* Kayta Curzie Gajdos holds a doctorate in counseling psychology and is in private practice in Chadds Ford, Pennsylvania. She welcomes comments at MindMatters@DrGajdos.com or 610-388-2888. Past columns are posted to www.drgajdos.com. See book.quietwisdom-loudtimes.com for information about her book, “Quiet Wisdom in Loud Times: The Rise of the Wounded Feminine.”

** The opinions expressed are those of the author and do not necessarily reflect those of the ownership or management of Chadds Ford Live. We welcome opposing viewpoints. Readers may comment in the comments section or they may submit a Letter to the Editor to: editor@chaddsfordlive.com

About Kayta Gajdos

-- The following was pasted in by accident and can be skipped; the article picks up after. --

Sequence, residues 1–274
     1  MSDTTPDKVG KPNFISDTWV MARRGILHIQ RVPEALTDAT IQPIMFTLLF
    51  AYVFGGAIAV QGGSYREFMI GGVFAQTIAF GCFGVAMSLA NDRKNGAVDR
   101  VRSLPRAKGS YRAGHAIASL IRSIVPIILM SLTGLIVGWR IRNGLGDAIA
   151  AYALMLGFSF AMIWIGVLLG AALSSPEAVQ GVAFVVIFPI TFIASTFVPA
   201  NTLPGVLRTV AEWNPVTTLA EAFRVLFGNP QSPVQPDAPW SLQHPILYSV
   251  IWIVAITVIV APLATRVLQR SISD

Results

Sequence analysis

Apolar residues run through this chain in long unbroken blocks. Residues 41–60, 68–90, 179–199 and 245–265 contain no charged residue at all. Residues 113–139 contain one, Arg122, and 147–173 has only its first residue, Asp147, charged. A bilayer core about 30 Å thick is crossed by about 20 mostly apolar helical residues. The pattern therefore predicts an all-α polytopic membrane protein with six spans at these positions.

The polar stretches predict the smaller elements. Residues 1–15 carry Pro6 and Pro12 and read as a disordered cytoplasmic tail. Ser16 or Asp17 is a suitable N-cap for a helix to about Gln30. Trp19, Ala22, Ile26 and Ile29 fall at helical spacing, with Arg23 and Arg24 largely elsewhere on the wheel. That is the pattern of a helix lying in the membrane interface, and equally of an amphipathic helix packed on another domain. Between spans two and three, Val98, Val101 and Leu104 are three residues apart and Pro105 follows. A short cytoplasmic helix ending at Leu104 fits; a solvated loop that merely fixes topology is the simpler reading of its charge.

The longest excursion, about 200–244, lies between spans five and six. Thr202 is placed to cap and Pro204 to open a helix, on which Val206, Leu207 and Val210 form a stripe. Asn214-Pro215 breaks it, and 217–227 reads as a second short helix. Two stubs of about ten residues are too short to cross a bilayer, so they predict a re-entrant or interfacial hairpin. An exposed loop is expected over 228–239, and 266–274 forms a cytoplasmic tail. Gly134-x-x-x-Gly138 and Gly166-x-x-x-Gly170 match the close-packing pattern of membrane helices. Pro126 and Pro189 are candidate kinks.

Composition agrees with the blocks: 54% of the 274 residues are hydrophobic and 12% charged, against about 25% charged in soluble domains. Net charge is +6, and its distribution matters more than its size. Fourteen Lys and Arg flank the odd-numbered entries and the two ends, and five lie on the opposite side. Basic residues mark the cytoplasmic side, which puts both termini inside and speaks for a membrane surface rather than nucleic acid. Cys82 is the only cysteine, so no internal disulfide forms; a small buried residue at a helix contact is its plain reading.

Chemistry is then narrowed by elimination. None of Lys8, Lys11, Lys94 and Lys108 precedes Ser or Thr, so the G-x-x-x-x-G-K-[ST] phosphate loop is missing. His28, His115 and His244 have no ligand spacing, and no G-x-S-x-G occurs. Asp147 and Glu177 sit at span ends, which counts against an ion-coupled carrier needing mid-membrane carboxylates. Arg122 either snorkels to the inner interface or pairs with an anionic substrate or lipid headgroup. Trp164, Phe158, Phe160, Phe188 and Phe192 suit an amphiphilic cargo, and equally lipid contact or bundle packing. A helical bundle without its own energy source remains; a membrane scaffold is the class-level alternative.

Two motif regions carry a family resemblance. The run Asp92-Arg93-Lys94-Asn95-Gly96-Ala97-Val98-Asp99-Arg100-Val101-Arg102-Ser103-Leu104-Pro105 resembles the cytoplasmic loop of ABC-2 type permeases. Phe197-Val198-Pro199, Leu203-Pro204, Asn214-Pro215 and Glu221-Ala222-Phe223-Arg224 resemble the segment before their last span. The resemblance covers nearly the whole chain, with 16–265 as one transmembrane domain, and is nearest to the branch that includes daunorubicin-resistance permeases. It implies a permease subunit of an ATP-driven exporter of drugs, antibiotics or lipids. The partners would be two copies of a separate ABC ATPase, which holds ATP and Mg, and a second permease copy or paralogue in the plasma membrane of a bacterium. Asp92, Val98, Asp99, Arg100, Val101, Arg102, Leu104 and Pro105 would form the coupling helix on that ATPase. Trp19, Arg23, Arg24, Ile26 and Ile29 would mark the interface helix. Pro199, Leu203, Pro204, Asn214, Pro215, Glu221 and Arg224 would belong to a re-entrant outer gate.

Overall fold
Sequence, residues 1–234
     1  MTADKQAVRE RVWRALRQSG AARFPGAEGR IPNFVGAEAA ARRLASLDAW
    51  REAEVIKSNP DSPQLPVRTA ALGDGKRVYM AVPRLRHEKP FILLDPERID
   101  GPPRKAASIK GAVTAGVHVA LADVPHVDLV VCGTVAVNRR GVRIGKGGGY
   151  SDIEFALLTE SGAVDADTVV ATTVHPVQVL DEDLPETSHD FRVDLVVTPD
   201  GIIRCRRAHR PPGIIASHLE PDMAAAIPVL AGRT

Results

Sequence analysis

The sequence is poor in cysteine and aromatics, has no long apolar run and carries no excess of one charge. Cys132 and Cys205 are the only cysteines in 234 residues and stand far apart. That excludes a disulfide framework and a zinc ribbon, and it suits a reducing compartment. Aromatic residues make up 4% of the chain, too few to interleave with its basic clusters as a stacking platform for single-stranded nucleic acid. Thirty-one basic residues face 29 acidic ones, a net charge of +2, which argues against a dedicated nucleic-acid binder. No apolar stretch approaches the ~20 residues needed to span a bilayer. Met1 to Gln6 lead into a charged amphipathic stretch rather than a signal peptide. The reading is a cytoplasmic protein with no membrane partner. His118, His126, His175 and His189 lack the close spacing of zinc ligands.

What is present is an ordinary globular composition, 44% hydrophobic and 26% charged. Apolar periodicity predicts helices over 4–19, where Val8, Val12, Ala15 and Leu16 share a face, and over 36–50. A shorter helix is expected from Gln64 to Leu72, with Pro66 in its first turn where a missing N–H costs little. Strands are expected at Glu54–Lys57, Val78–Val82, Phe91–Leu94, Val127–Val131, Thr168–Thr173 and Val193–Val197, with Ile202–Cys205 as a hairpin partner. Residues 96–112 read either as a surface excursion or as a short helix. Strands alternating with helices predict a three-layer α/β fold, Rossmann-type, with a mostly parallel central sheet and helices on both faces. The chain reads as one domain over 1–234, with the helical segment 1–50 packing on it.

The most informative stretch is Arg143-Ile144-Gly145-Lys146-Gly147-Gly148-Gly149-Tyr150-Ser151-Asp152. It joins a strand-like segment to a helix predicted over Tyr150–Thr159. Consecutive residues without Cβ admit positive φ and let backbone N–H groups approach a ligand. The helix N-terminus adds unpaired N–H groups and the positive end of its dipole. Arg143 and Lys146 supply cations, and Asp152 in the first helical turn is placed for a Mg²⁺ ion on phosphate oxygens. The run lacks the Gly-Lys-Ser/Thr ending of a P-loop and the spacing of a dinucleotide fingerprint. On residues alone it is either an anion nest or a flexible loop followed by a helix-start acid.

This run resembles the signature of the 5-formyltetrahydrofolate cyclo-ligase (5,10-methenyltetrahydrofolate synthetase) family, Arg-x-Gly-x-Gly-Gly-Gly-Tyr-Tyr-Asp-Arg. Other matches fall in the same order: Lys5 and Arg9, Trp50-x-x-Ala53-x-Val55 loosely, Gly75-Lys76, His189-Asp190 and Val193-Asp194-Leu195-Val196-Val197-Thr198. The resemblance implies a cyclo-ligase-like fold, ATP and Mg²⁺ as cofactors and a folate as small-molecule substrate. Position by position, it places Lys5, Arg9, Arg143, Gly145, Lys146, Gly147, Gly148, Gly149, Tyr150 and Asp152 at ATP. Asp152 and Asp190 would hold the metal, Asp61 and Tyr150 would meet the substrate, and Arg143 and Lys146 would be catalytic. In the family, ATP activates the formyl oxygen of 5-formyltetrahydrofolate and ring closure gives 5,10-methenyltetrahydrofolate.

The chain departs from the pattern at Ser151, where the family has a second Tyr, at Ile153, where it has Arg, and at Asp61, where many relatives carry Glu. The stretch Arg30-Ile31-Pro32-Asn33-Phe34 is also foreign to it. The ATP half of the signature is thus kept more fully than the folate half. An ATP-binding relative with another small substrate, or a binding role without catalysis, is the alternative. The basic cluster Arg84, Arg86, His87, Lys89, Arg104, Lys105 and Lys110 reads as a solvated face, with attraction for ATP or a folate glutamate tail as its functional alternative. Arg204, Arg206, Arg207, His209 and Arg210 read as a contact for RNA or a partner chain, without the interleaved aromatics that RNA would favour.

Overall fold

Dr. Kathleen Curzie Gajdos ("Kayta") is a licensed psychologist (Pennsylvania and Delaware) who has worked with individuals, couples, and families with a spectrum of problems. She has experience and training in the fields of alcohol and drug addictions, hypnosis, family therapy, Jungian theory, Gestalt therapy, EMDR, and bereavement. Dr. Gajdos developed a private practice in the Pittsburgh area, and was affiliated with the Family Therapy Institute of Western Psychiatric Institute and Clinic, having written numerous articles for the Family Therapy Newsletter there. She has published in the American Psychological Association Bulletin, the Family Psychologist, and in the Swedenborgian publications, Chrysalis and The Messenger. Dr. Gajdos has taught at the college level, most recently for West Chester University and Wilmington College, and has served as field faculty for Vermont College of Norwich University the Union Institute's Center for Distance Learning, Cincinnati, Ohio. She has also served as consulting psychologist to the Irene Stacy Community MH/MR Center in Western Pennsylvania where she supervised psychologists in training. Currently active in disaster relief, Dr. Gajdos serves with the American Red Cross and participated in Hurricane Katrina relief efforts as a member of teams from the Department of Health and Human Services' Substance Abuse and Mental Health Services Administration.Now living in Chadds Ford, in the Brandywine Valley of eastern Pennsylvania, Dr. Gajdos combines her private practice working with individuals, couples and families, with leading workshops on such topics as grief and healing, the impact of multigenerational grief and trauma shame, the shadow and self, Women Who Run with the Wolves, motherless daughters, and mediation and relaxation. Each year at Temenos Retreat Center in West Chester, PA she leads a griefs of birthing ritual for those who have suffered losses of procreation (abortions, miscarriages, infertility, etc.); she also holds yearly A Day of Re-Collection at Temenos.Dr. Gajdos holds Master's degrees in both philosophy and clinical psychology and received her Ph.D. in counseling at the University of Pittsburgh. Among her professional affiliations, she includes having been a founding member and board member of the C.G. Jung Educational Center of Pittsburgh, as well as being listed in Who's Who of American Women. Currently, she is a member of the American Psychological Association, The Pennsylvania Psychological Association, the Delaware Psychological Association, the American Family Therapy Academy, The Association for Death Education and Counseling, and the Delaware County Mental Health and Mental Retardation Board. Woven into her professional career are Dr. Gajdos' pursuits of dancing, singing, and writing poetry.